No, but it does mean that companies need more evidence than just an IP address to take people to court.
Greg Tito said:
The notion that piracy does not equate to lost sales is just as erroneous.
No, it's not. Someone who pirates a game was not definitely going to buy it if they could not pirate it. So if you stop all piracy, it does not mean that all those pirated copies would turn into sales on a 1:1 ratio. This is hardly rocket science, but some people try very hard to ignore common sense.

How is this article titled 'Lawyer Destroys Arguments for Game Piracy', when he does not even discuss any pro piracy arguments. The only things he is talks about are evidential short comings of enforcement and the industries wrong assumptions about how much piracy is costing them.

Greg Tito said:
The arguments for game piracy seem a bit flimsy in response to stories like CD Projekt's DRM-less Witcher 2 being pirated more than it was purchased or this abominable list of pirated games from TorrentFreak [http://www.escapistmagazine.com/news/view/115003-TorrentFreak-Reveals-Top-Pirated-Games-of-2011]. The games industry can't just ignore these thefts, and no amount of backwards logic can argue the impact of piracy away.
And as I predicted in my comment to the top pirated games article, the figures now are being reported as fact even though they are ESTIMATES based on bad data collection methodology. And the two ESTIMATES don't even tally as if the Witcher 2 Piracy ESTIMATE was right, then the game would have appeared in the top 10 Torrentfreak article.

I don't like games being pirated and buy all of mine, but the reporting / journalism here on this issue, leaves a lot to be desired. All these badly sourced ESTIMATES do is convince developers to add more intrusive DRM schemes which only affect legitimate buyers, like myself.
The problem is that this is the narrative that the owners of this site want to drive. Sadly this is a common tactic in the media and there is nothing we, the readers/viewers/consumers can do about it. After all, publishers are privately owned and they dictate what can go in their publication. I don't like it, because in the age of unprecedented access to information, factual unbiased information has become more difficult to find. Either way, games "journalism" is a whole lot of wank anyway. Now as for the "The notion that piracy does not equate to lost sales is just as erroneous." - Is just well... erroneous. Allow me the liberty to use a hypothetical situation.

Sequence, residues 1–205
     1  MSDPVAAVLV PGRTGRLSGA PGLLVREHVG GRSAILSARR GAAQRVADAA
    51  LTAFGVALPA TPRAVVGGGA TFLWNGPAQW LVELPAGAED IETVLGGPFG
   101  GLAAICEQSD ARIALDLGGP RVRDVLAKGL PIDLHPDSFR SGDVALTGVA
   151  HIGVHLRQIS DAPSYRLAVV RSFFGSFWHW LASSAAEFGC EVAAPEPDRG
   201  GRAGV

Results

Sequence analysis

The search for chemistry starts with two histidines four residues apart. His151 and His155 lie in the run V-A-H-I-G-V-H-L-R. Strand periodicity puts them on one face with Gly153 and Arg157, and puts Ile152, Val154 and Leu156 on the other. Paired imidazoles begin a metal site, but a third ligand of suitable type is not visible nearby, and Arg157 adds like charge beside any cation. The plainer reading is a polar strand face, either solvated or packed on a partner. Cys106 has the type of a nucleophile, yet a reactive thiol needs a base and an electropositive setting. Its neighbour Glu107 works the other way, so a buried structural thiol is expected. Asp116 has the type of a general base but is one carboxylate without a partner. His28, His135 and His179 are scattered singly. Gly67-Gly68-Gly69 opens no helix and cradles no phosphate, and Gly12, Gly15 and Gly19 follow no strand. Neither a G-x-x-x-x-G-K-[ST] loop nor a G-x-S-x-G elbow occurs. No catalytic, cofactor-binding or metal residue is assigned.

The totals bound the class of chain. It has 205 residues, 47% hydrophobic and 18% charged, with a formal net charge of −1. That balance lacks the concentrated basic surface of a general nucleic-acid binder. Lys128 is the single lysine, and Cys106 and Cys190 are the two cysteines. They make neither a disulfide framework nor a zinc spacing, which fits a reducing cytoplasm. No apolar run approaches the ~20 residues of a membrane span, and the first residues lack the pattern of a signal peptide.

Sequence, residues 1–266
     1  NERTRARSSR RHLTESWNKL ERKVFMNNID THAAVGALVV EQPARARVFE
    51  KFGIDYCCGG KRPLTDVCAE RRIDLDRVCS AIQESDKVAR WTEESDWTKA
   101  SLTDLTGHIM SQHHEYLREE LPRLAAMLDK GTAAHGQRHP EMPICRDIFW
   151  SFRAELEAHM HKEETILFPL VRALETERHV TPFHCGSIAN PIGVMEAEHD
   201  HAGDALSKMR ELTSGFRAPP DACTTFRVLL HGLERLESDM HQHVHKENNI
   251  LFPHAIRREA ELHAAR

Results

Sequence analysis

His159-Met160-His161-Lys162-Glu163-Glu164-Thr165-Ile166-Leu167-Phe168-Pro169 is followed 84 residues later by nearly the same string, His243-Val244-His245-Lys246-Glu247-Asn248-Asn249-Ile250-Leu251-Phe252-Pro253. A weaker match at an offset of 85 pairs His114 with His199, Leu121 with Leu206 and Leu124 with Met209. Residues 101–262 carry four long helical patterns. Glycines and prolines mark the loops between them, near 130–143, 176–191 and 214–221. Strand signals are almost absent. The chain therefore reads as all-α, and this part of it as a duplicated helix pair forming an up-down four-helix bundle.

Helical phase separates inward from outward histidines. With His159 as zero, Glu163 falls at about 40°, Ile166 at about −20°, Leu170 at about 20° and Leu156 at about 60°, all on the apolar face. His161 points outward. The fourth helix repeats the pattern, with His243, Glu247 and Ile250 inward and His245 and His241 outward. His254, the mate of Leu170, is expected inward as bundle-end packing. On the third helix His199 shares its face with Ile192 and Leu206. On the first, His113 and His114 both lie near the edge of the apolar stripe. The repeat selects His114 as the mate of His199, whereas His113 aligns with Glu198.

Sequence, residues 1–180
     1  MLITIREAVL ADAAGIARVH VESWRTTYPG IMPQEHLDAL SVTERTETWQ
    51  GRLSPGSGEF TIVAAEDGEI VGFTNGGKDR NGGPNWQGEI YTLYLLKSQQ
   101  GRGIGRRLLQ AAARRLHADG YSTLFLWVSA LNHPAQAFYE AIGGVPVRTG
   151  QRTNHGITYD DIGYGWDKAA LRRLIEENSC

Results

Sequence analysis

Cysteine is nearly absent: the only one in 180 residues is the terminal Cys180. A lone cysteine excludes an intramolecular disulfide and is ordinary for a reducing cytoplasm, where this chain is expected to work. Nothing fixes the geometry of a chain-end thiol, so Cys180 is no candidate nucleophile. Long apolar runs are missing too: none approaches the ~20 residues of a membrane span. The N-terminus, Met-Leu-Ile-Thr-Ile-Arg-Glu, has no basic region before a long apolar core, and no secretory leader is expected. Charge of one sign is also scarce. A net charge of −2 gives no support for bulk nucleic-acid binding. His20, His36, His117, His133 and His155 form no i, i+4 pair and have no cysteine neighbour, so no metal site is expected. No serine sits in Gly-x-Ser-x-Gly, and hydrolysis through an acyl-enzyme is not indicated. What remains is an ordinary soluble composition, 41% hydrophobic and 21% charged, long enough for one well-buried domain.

Ahem, I have made a self portrait that I worked very hard on. While doing this my living expenses were subsidized by a few investors (friends, family, etc). Now before it goes out, I decide on a sale price of $1,000,000. I also have a way to make quick replications of my masterpiece. So I go and people look at the painting, some even take photos, but no one buys it. Am I right to say that those who saw the painting and decided to keep on walking were lost sales? Can I return to the studio and say that I lost $75,000,000 because my painting didn't sell? No! I never had $1,000,000 in the first place. I had a painting that I put an arbitrary price on! What about the ones that took photos, you ask? Did they steal from me? No! They were never going to pay the asking price, they didn't steal the physical product either. But it's okay for corporations to have to treat projected profits as actual sales figures.

Ah but arguing this on the internet is like arguing politics. The minds of people just work differently. Make no mistake though, the piracy debate does come down to politics. If this was hard to follow, sorry, I'm terrible at debating.